Tag Archives: Australian science opinion

combining skills

Women in STEM: the revolution ahead

On September 8, 70 days after the end of the financial year, Australia marked equal pay day. The time gap is significant as it marks the average additional time it takes for women to work to get the same wages as men.

Optimistically, we’d think this day should slowly move back towards June 30. And there are many reasons for optimism, as our panel of thought leaders point out in our online roundtable of industry, research and government leaders.

Yet celebrating a lessening in inequity is a feel-good exercise we cannot afford to over-indulge in.

While we mark achievements towards improving pipelines to leadership roles, work to increase enrolments of girls in STEM subjects at schools and reverse discrimination at many levels of decision making and representation, the reality is that many of these issues are only just being recognised. Many more are in dire need of being addressed more aggressively.

Direct discrimination against women and girls is something I hear about from mentors, friends and colleagues. It is prevalent and wide-reaching. There is much more we can do to address issues of diversity across STEM areas.

Enrolments of women in STEM degrees vary from 16% in computer science and engineering to 45% in science and 56% in medicine. These figures reinforce that we are teaching the next generation with the vestiges of an education system developed largely by men and for boys. There is a unique opportunity to change this.

Interdisciplinary skills are key to innovation. Millennials today will change career paths more frequently; digital technologies will disrupt traditional career areas. By communicating that STEM skills are an essential foundation that can be combined with your interest, goals or another field, we can directly tap into the next generation. We can prepare them to be agile workers across careers, and bring to the table their skills in STEM along with experiences in business, corporates, art, law and other areas. In this utopian future, career breaks are opportunities to learn and to demonstrate skills in new areas. Part-time work isn’t seen as ‘leaning out’.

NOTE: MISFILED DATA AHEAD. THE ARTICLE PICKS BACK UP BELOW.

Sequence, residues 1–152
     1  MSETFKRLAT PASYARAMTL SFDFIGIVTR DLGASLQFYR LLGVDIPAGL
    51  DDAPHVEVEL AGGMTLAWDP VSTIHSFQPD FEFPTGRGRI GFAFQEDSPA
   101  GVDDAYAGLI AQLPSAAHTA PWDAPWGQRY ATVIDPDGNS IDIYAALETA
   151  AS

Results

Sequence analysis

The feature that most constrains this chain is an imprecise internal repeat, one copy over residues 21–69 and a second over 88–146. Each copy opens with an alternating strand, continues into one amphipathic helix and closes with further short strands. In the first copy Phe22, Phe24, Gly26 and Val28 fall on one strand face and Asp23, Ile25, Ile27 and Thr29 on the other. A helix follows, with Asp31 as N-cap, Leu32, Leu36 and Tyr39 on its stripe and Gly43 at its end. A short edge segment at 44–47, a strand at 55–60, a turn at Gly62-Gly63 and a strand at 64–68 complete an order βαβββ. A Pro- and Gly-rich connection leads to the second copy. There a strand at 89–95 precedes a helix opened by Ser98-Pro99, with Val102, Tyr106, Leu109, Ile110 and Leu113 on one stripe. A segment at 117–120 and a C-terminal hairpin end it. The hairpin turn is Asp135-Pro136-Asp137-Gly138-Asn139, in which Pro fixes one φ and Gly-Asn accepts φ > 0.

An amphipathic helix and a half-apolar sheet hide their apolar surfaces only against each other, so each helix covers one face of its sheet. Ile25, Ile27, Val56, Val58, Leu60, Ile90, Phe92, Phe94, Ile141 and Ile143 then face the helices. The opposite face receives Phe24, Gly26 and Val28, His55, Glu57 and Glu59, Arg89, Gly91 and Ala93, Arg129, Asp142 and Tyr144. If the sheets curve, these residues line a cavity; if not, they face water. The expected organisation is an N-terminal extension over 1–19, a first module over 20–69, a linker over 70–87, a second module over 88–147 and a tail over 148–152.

We have an opportunity to redefine education in STEM subjects, to improve employability for our graduates, to create stronger, clearer paths to leadership roles, and to redefine why and how we study STEM subjects right from early primary through to tertiary levels.

By combining STEM with X, we are opening up the field to the careers that haven’t been invented yet. As career areas shift, we have the opportunity to unleash a vast trained workforce skilled to adapt, to transition across fields, to work flexibly and remotely.

We need to push this STEM + X agenda right to early education, promoting the study of different fields together, and creating an early understanding of the different needs that different areas require.

This is what drives me to communicate science and STEM through publications such as Careers with Science, Engineering and Code. We want to convey that there are exciting career pathways through studying STEM. But we don’t know what those pathways are – that’s up to them.

Just think how many app developers there were ten year ago – how many UX designers. In 10 or even five years, we can’t predict what the rapidly growing career areas will be. But we can create a STEM aware section of the population and by doing so now, we can ensure that the next generation has an edge in creating and redefining the careers of the future.

Heather Catchpole

Founder and Managing Director, Refraction Media

Read next: CEO of Science and Technology Australia, Kylie Walker, smashes all of the stereotypes in her campaign to celebrate Women in STEM.

People and careers: Meet women who’ve paved brilliant careers in STEM here, find further success stories here and explore your own career options at postgradfutures.com.

Spread the word: Help Australian women achieve successful careers in STEM! Share this piece on women combining skills in STEM using the social media buttons below.

More Thought Leaders: Click here to go back to the Thought Leadership Series homepage, or start reading the Graduate Futures Thought Leadership Series here.